Foo simply couldn’t handle one more annoyance.

“I went over and said, ‘You shouldn’t give a ticket,’ and she said, ‘I do what I want to do,’” Foo remembers of the incident with Lewis. She says she asked for Lewis’s badge number and that the two started arguing, until Foo’s chef de cuisine told Foo to go into the restaurant. Vince Fenerty, executive director of the Parking Authority, told the Inquirer that Lewis was injured, and that she hadn’t been discourteous, but was merely doing her job. The newspaper also reported that Lewis told police she was struck with an open hand by Foo. Foo went up to her office, was told that the police had arrived, and then waited until her lawyer, David Silverstein, got to the restaurant. When she came down, she says, the police told her, “We’re going to lock you up.”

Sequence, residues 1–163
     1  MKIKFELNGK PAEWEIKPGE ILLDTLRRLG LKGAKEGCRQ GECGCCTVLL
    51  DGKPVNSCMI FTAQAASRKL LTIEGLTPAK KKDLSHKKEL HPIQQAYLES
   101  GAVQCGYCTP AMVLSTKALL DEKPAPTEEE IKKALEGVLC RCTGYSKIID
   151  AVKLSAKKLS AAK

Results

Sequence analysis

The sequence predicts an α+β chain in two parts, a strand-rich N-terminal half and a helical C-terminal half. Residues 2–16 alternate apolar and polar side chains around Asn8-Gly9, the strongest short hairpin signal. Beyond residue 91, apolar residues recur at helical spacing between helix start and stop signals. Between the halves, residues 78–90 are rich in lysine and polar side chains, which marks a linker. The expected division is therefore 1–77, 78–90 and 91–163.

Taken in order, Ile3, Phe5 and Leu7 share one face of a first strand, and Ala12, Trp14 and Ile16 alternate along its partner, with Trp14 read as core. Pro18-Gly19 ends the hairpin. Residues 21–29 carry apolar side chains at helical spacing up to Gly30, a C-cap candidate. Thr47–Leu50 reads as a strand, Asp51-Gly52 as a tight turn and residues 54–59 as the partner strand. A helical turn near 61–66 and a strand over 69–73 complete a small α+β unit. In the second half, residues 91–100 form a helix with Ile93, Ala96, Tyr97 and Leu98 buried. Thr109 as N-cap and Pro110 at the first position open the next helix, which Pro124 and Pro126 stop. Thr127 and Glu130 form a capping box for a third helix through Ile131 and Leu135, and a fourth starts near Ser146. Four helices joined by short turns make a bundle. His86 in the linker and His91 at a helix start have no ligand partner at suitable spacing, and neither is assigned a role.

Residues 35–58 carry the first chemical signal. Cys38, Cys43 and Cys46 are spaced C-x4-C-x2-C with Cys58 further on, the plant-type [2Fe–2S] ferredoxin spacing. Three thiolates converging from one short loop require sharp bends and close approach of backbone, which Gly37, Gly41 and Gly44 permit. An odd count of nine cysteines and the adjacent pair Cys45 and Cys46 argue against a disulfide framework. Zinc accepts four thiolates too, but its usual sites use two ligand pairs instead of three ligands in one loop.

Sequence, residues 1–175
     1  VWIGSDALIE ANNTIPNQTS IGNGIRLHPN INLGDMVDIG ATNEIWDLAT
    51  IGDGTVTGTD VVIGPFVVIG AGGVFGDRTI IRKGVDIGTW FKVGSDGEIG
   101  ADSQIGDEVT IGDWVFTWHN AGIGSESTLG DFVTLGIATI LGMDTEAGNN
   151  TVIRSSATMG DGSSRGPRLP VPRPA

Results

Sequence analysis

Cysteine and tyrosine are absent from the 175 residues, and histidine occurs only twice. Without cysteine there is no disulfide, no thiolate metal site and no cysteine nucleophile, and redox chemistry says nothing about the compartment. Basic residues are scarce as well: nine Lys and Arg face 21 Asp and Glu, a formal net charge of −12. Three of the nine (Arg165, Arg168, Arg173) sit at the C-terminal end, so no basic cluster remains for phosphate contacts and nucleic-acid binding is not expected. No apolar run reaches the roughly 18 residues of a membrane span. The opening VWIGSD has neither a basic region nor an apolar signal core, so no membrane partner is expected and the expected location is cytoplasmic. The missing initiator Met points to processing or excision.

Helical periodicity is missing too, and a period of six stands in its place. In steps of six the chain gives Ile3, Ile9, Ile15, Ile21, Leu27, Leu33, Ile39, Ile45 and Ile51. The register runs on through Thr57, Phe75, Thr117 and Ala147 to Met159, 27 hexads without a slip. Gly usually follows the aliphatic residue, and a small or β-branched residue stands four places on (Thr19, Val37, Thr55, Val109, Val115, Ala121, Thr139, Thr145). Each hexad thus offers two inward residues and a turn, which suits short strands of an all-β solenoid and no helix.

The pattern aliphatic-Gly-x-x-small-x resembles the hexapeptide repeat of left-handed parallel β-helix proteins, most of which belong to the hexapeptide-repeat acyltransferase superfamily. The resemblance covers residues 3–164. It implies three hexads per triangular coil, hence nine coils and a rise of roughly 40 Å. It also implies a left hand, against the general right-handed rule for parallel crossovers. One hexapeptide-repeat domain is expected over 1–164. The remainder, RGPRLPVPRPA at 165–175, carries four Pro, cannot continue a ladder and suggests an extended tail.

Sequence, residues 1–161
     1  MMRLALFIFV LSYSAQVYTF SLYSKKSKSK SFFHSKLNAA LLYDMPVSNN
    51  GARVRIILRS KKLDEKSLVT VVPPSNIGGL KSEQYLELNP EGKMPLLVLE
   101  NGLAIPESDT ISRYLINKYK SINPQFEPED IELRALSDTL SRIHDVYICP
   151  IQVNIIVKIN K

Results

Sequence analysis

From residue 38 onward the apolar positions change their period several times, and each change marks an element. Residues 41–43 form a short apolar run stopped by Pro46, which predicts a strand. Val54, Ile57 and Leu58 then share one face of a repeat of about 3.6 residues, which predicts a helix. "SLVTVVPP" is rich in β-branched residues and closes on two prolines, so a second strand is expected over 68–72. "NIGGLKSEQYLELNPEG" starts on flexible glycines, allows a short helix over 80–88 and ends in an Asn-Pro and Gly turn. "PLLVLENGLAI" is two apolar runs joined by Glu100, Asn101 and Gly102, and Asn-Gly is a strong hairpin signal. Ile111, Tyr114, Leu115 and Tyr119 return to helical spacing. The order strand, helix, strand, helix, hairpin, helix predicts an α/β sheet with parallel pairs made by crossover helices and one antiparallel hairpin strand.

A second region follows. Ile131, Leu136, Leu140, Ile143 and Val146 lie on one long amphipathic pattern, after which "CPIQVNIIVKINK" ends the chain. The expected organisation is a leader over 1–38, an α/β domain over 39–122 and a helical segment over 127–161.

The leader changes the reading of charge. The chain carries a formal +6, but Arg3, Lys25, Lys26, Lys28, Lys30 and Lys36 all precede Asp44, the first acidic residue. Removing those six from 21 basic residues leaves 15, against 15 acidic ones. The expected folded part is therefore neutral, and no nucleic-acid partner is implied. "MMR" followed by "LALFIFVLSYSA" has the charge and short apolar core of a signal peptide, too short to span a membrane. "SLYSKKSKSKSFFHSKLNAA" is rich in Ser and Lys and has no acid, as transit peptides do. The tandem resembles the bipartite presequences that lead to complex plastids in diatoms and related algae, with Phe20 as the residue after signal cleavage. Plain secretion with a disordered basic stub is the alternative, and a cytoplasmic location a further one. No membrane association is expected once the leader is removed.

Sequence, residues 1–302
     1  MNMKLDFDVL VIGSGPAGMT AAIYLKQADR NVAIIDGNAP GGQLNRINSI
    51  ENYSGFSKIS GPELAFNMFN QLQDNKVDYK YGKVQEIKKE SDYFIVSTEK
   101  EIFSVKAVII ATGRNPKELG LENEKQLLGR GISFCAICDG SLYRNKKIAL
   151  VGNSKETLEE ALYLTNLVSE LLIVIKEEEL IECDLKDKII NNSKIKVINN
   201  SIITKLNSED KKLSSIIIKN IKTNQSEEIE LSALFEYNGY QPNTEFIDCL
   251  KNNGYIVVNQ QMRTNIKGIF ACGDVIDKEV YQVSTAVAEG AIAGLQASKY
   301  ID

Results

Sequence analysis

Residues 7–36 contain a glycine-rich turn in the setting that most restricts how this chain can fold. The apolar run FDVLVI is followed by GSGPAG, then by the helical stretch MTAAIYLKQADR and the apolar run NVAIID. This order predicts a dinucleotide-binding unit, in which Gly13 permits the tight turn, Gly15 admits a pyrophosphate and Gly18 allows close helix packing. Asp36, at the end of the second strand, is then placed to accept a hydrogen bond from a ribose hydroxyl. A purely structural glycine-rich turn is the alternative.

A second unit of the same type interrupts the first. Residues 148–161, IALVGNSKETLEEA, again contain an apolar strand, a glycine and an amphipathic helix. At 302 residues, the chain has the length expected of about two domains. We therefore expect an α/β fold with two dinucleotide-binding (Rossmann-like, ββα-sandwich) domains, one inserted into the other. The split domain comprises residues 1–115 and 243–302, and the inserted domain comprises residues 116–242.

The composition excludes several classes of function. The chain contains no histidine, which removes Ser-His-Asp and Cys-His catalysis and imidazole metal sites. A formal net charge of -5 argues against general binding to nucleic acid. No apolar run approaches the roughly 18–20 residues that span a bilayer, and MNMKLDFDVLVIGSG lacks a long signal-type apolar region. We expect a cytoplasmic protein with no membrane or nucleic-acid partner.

She was charged with aggravated assault, simple assault, and recklessly endangering another person. (The aggravated assault and reckless endangerment charges were dismissed in court in November, when Foo entered into a special probationary program for nonviolent offenders.)

“The lady was standing there smiling,” she says of Lewis. “I always remember her smiling.”